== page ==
“Social Marriage: All You Need Is Love” — new book by Elizabeth Yang — gives new perspective on evolution of marriage

I am a divorce attorney. I make a living counseling individuals who want to end their marriages.

So, it should come as no surprise that I think there might be an alternative to traditional marriage.

So, I wrote a book about it and recently got it published. The book is called “Social Marriage: All You Need Is Love.” And with divorce numbers at all-time highs, it’s no wonder people are searching for different types of marriage.

What you need to understand is that the divorce rate is more than 50 percent. And that’s for first-time marriages. For second marriages, it’s over 60 percent. For third marriages, it’s around 75 percent.

In addition, generational

attitudes toward marriage are changing, especially among today’s younger adults. We see that as more and more millennials are not getting married because they see their friends are getting divorced or their parents have gotten divorced. And even though they’re not choosing to get married, the pressure is still on them. I don’t think it’s culture specific. It’s across the board.

That’s why I talk a lot about social marriage. It’s pretty similar to traditional marriage, but there is one huge difference.

This concept of social marriage, it lets two people agree to be in a committed, loving relationship without signing a legal document. The legal document nowadays has a lot more cons that it does pros.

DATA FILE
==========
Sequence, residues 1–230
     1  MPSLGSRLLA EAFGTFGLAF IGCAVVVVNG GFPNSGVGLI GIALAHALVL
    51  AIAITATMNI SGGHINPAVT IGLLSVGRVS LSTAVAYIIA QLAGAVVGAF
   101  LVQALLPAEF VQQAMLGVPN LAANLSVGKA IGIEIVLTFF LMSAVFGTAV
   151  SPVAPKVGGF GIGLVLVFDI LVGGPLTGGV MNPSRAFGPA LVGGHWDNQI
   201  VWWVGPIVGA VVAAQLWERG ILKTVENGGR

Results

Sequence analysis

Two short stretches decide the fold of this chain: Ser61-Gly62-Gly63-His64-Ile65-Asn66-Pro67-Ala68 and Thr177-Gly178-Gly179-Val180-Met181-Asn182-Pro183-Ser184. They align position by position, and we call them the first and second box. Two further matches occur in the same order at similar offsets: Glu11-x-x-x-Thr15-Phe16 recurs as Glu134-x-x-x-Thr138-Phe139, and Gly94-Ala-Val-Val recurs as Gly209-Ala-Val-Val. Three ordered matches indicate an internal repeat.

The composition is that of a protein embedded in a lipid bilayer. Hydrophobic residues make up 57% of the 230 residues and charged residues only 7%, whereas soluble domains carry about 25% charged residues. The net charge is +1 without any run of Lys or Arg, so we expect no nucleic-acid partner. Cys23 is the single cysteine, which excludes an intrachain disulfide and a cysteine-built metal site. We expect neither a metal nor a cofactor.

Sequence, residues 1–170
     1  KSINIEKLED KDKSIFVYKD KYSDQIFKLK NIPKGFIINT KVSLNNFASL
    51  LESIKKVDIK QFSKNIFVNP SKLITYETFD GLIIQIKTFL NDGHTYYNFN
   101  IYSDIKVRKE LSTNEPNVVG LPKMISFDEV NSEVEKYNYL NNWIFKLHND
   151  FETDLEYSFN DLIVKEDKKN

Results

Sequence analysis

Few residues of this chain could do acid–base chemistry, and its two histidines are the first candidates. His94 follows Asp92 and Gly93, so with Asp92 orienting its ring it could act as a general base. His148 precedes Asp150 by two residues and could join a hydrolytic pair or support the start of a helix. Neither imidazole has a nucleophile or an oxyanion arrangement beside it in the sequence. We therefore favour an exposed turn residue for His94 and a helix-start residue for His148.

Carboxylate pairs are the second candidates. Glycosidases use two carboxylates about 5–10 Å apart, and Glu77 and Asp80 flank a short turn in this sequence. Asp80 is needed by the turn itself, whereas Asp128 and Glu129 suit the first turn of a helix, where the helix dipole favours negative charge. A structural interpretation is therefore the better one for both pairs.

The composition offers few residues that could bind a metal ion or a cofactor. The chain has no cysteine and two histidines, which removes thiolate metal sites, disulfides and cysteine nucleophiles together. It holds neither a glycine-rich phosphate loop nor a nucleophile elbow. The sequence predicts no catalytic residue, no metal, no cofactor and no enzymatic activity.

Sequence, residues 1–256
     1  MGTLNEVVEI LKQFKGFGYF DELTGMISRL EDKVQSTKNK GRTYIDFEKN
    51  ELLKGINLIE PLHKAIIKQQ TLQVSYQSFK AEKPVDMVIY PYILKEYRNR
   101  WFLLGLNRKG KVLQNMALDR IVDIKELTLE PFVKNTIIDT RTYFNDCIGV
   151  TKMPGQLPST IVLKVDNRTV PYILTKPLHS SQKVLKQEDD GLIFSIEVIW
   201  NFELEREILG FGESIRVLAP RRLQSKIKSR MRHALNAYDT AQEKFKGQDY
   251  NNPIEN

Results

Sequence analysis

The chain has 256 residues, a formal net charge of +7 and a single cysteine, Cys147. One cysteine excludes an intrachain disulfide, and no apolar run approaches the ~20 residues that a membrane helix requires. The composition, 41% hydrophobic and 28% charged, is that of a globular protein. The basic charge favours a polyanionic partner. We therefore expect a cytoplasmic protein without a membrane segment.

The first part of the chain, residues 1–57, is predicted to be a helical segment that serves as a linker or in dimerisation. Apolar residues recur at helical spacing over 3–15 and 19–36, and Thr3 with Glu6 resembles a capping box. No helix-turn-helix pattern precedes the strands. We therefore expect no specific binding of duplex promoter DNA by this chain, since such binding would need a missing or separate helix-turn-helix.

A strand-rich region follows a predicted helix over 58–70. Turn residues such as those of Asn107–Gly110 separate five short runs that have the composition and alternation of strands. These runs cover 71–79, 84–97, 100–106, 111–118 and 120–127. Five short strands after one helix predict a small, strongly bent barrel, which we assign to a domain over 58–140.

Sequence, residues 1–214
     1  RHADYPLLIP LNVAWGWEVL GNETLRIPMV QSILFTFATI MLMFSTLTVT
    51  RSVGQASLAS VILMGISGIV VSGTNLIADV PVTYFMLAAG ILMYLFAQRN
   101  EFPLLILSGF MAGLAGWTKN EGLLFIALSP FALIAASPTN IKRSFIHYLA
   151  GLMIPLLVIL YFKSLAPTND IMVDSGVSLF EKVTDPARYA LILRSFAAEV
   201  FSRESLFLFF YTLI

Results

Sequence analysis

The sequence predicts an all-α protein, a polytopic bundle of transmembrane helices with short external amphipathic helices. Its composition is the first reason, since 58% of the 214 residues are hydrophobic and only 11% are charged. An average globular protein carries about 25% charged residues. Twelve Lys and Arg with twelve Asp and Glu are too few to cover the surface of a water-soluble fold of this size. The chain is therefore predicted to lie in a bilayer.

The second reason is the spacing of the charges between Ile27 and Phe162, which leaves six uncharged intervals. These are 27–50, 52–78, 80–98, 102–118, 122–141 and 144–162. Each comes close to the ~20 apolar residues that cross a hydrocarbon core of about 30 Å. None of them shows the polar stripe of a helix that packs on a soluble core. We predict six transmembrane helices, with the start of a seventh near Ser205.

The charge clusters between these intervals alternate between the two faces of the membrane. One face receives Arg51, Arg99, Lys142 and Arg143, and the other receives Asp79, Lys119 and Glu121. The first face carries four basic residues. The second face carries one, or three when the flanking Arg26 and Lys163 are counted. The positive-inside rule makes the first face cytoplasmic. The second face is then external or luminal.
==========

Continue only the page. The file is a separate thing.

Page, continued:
Also, marriage has changed so much since its inception centuries ago that it is possibly outdated in today’s modern world.

So, in my book, I talk about how the concept of marriage started so long ago during the Middle Ages. Back then things were so different. Women had to get married to own property through their husbands. There were all these different beliefs that don’t exist nowadays.

So, the real problem with marriage is how people are just blindly signing on for conditions they don’t even know exist and can affect them down the road.

People don’t realize when people they married, they’re not just entering into a committed relationship. They’re signing a contract without reading or understanding all the terms. The terms aren’t even presented. You’re signing a marriage certificate and there are all these invisible pages that you know nothing about.

One example in a legal marriage people don’t realize is you’re agreeing to take on all your spouse’s debt. Another example is the concept of spousal support and who can end up paying who, for how much and for how long.

People don’t even know what they’re agreeing to.

One thing couples can do to mitigate risk in a divorce is sign a prenuptial agreement. But even that comes with its own pitfalls.

If you’re going to get traditionally married, at least sign a prenup. But the problem with prenups is they are not 100 percent guaranteed to be enforceable. And the provisions in the prenup are enforceable at a judge’s discretion. A judge might say, ‘I think this is reasonable. I will uphold it.’ Or a judge might say, ‘I think these terms are crazy. I’m going to throw them out.’ And it depends on what judge you have. Every judge is different.

As for social marriage, I think it’s becoming more and more popular, especially among millennials for a few reasons.

They’re not getting legally married. They don’t want to agree to all these invisible terms and with the risk of divorce being so high. But they also don’t want all the pressures of not getting married either. So, they’re getting married without a piece of paper.

I believe so much in social marriage, I do practice what I preach.

My husband and I have been together for 10 years. We’ve never signed a legal marriage certificate. We call each other husband and wife. We cohabitate. We purchased a house together.

Everything just needs to be communicated. If we want to buy a house together, we discuss it and then put each other on title.